1 & 2 PETER, Introductory Session cont.

John, in his gospel, reminds us of the night Jesus was betrayed and His teaching on the importance of the Holy Spirit in His disciples’ lives. (Read John 16:5-15). John also reveals to us a little portion of Jesus’ prayer, first for Jesus Himself, then for His band of disciples, finally for all who will believe in Him through their message. (Read John 17:6-26).

I think that this is what Peter meant when he said, ”To God’s elect, strangers in the world, scattered throughout Pontus, Galatia, Cappadocia, Asia and Bithynia, who have been chosen according to the foreknowledge of God the Father, through the sanctifying work of the Spirit, for obedience to Jesus Christ and sprinkling by his blood.” (1 Peter 1:1-2.). Once they were part of the world because of their human nature; now, chosen by God and ‘made holy’ through the Holy Spirit, having been washed clean through the precious blood of Jesus, they are no longer of the world but are servants of the heavenly King.

Exercise: Think back to the time when you changed from a person of the world to a child and servant of God, then share it with someone.

I can remember the date, time and place when I asked Jesus to come into my life as my Saviour and Lord, to forgive my past and help me begin a new life in Him. (Not everyone can.) It was at the old Peverell Road chapel in Porthleven, on the 25th October 1959. (Now I’m showing my age!) Some of you will have heard it before, so I’ll try to keep it brief!

It was at the 6pm service. I’d been thinking about becoming a ‘real Christian’ for some time because I saw the change Jesus Christ made in the lives of some of my friends; however, I was afraid that I might not be able to live up to such a commitment. I had been praying morning and evening, “Lord, have mercy on me, a sinner. Come into my life and change me.” I wanted to make a commitment quietly, so that if it did not work out nobody would know. The Lord had other ideas!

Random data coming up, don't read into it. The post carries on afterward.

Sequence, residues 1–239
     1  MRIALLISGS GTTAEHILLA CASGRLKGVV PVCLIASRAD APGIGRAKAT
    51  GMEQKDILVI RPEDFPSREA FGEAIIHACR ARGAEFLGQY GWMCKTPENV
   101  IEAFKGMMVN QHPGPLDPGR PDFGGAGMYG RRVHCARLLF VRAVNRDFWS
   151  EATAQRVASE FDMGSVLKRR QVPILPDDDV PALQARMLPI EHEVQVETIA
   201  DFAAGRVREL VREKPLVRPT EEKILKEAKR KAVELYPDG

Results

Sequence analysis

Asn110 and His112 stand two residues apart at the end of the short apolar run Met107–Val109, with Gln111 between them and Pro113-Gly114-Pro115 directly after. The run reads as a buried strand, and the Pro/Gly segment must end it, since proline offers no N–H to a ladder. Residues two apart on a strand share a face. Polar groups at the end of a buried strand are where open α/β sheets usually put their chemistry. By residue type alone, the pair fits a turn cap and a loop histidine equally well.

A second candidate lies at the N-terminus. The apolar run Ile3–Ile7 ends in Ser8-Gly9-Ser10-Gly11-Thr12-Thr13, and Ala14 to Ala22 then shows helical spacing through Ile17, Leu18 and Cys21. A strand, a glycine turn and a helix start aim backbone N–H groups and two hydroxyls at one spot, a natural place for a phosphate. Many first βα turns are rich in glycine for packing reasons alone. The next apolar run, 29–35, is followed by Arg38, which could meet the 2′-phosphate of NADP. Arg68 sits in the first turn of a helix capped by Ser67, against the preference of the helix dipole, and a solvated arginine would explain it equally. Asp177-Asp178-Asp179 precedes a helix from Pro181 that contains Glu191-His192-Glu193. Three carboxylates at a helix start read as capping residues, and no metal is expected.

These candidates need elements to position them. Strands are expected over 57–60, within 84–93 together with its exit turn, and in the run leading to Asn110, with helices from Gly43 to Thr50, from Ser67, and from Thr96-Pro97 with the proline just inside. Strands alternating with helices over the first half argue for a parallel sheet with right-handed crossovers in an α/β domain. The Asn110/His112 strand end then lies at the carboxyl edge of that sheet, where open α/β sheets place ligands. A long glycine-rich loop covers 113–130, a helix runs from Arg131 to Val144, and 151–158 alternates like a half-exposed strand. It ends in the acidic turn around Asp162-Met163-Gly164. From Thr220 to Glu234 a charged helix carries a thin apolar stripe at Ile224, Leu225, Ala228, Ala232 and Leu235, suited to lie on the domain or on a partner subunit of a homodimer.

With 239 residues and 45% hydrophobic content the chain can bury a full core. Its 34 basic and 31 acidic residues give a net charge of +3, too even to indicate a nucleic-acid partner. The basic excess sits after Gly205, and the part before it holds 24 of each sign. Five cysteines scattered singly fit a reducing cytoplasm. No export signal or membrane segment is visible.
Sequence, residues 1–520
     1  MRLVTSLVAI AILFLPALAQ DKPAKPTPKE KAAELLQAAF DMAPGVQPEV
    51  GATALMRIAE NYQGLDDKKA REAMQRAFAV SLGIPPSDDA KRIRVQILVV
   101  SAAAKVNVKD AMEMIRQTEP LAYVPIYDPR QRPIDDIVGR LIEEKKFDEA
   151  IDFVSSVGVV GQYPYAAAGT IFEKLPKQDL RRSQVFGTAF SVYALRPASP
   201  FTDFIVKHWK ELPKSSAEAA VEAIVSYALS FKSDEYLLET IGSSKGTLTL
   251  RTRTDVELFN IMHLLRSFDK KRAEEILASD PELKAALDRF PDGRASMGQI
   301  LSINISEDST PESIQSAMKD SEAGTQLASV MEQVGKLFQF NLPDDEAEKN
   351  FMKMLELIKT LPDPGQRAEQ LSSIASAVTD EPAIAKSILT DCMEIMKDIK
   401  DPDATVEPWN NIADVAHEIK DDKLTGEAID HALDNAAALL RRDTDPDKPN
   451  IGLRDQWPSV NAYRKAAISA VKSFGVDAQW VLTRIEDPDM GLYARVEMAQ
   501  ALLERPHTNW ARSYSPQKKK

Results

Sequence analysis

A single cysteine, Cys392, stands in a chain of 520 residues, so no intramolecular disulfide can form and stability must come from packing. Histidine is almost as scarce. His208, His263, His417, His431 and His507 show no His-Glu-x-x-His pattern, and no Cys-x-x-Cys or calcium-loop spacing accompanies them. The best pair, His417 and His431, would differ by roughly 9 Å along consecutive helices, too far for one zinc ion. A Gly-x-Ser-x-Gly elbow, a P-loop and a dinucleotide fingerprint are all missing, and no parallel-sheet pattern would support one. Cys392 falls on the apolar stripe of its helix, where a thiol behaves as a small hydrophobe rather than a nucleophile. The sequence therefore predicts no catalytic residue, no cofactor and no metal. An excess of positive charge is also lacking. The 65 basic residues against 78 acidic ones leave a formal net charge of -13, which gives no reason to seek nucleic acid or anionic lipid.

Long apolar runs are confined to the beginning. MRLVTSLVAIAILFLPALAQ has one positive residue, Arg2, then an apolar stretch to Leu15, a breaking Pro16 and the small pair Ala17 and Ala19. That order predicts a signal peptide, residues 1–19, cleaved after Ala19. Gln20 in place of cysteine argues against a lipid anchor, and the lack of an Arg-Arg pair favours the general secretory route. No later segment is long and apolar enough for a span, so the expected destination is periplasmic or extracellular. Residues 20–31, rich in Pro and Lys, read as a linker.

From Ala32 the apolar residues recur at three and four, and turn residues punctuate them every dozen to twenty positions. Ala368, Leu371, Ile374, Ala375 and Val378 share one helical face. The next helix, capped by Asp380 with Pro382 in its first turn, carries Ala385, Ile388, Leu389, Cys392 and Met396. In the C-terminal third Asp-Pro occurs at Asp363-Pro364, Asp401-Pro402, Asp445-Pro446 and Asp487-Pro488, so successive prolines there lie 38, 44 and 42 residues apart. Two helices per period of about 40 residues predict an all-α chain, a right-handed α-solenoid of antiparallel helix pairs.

We were singing 669 from the Methodist Hymn Book (673 Hymns & Psalms) “Dear Lord and Father of mankind, forgive our foolish ways”. The whole hymn spoke to me and I felt myself getting warm whist we were singing. By the time I got to verse five, a burning sensation went right through me and I found myself kneeling at the communion rail, asking the Lord to forgive me and accept me as His own. Here I’ll pause to quote the last two verses of what I call my ‘Conversion Hymn’:

“Drop thy still dews of quietness, till all our strivings cease;

Take from our souls the strain and stress,

And let our ordered lives confess the beauty of the peace.

Breathe through the heats of our desire thy coolness and thy balm;

Let sense be dumb, let flesh retire;

Speak through the earthquake, wind, and fire, O still small voice of calm!

I was baptised by the Holy Spirit that evening, a disciple of Jesus Christ. I still, however, had a lot to learn and it was not easy by any means. Yes I made mistakes, many of them, but by God’s grace and mercy, through the Holy Spirit’s power, ‘I’m pressing on the upward way’. This was what Peter was encouraging the recipients of his letter to do, to press on and not to give up because a reward awaits them.

Read 1 Peter 1:3-9.

Exercise: In this reading, Peter mentions quite a few things that disciples should be thankful for. Hence he begins with the following proclamation: “Praise be to the God and Father of our Lord Jesus Christ!” How many can you discover and name?

There are so many benefits poured out upon the Christian believer here. In fact, they are so great that it is possible to pass through times of testing joyfully, by faith in one’s Saviour, Jesus Christ. A strong faith in Him is the road that leads to full salvation. In Christ our future is assured.

1 & 2 PETER, Introductory Session cont.

The ‘New Bible Commentary Third Edition’, page 1239 reads: “As Peter surveys the richness of the salvation believers enjoy, he cites its source (his great mercy), its scope (born anew; cf. John 3:1-21), its effect (a living hope), its means (through the resurrection . . . from the dead), its Agent (of Jesus Christ) and its goal (to an inheritance). In these verses salvation is seen in all its tenses: Christians have been born anew by the mercy of God, and are being guarded by the power of God and look forward to obtaining complete deliverance from all evil in the last time. 6, 7 such blessings from God should lead to rejoicing in spite of difficulties, for the purpose of earthly trials is to sift out what is really genuine in our faith. 8, 9 This triumphant faith in the unseen Christ has two results for the believer: at present an inexpressible joy even in the midst of adversity, and for the future the prospect of the fuller realization and enjoyment of salvation.” (End of quote).